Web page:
MON: In Season 3 especially we have everyone going off on their single journeys and there were spans of time when we forgot that we worked with each other. Alex, we barely saw him, so it does feel important not only in the context of the story but as a cast thing.

Does that mean much of this season sees the team spread apart?
AL: I think it’s been an evolution since Season 1. The first season we were almost cloistered and were, literally, in almost every scene together. We tend to be on more isolated journeys than we were in the previous two seasons.

MON: Two has a big struggle with leadership, making choices and whether or not she should be the one to make choices on the behalf of other people, especially when the costs are so high when she makes the wrong decision.

The Android appears to be on an interesting journey as well. Her wardrobe choices in Episode 1 were outstanding.
MON: It’s massive too. The exploration of that is going to be a big fan favourite, I think.

What can you say about Three’s own journey or story arc?
AL: Three’s through-line story has been about his past and discovering that a bad guy isn’t all bad. We learned in Season 2 the root of that complexity; he is a caring and very soft person, but that bravado is real too. Both of those sides live within this character and that’s what makes it fun to play. When he says, ‘Let’s go steal stuff and kill some people,’ he means it. We continue on that journey in Season 3 and that will spin into Season 4 in a totally awesome way. So please, everyone, tune in a lot so that we can get a Season 4!

Dark Matter airs Fridays at 9 p.m. ET on Space.

Images courtesy of Space.

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Interview: Continuum’s Roger Cross is enjoying his career ride

There’s something you should know about Roger Cross. The man exudes positive energy and loves to laugh. Far from his Continuum character of Travis, the Vancouver-raised actor is a staple of Canadian programming. If you film a TV show in this country, odds are Cross will be in it.

With Continuum‘s penultimate episode, “The Desperate Hours,” set to roll this Friday, we grabbed five minutes with Cross to talk Liber8, auditioning and filming in his favourite city.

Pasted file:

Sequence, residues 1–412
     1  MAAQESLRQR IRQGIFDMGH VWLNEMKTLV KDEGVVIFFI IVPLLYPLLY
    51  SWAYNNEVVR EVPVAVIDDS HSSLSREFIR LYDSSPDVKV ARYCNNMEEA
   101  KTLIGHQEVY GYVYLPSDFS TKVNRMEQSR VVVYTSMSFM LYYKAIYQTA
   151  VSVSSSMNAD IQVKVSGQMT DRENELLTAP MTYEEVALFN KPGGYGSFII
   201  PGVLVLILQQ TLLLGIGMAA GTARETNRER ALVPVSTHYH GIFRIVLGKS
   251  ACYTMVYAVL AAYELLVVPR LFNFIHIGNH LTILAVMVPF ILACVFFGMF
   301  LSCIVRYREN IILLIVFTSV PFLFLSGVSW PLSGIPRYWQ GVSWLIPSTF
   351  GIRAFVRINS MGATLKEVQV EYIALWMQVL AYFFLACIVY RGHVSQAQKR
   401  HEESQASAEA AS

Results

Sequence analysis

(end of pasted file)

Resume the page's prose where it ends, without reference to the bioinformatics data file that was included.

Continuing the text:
Can you talk about the tentative relationship between Liber8 and Kiera this season? It’s foreign to die-hard fans.
Roger Cross: What I love about it is that it shows growth. I grew up very religious, Christian. That’s my belief system and my doctrine, but later on you discover there’s a lot of beauty in the Muslim religion and in Buddhism. If you expand you mind and your views … you know. With Kiera, she came in with this one mind that we’re so bad, but in the end we’re trying to help people. It’s a great growth for her and for us as well. Travis has a very militant way of doing things and he learns that maybe that’s not always the best way. It’s a coming together and learning from each other.

What are you taking from the set?
I’m going to take some gear. Or maybe a piece of a time ball. Where’s the prop department? I need to cozy up to them. [Laughs.]

The CBC did a piece on the burgeoning TV and film industry in Vancouver. What’s it like for a guy like you to be working here so much?
People think they know about it, but they really don’t know about it. I think the segment said there are 42 projects filming in Vancouver. That’s a busy city and I think that’s why Hollywood is upset too. There are a lot of major productions here.

You’ve made your career out here. Every show filming in Vancouver seems to feature you in some way.
They keep me busy. It’s a great thing.

Do you have a favourite Canadian city for filming?
They’re all so different. I do have a special place for Vancouver because where else do you get this view? You have the water, the lush greenery, the mountains, the fresh air … it’s a special place. It’s home for me. I moved here when I was 11. Yes, I live in L.A. and I love it there too, but as you know, you don’t get the lush green in L.A. Toronto has its own energy and its own way of doing things. I’ve been there for the last two years filming The Strain and now Dark Matter, and I’ve gotten to know Toronto a lot better.

How do you get gigs for The Strain and Dark Matter? Are you auditioning, or are folks writing parts with you in mind?
It happens both ways. There are times when I get a call where someone is thinking of me for a part, but yes, I still do audition by going in and earning my pay. Guillermo del Toro isn’t handing anything to anyone on The Strain. I did the auction for that and got it, which was great. For Dark Matter, I was in the Dominican Republic and recorded the audition tape down there and sent it back and got the role.

How great is technology? You’re on vacation and can film an audition on your laptop and send it off.
[Laughs.] It really is. You just use your iPhone to record it, upload it and boom!

Continuum airs Fridays at 9 p.m. ET/PT on Showcase.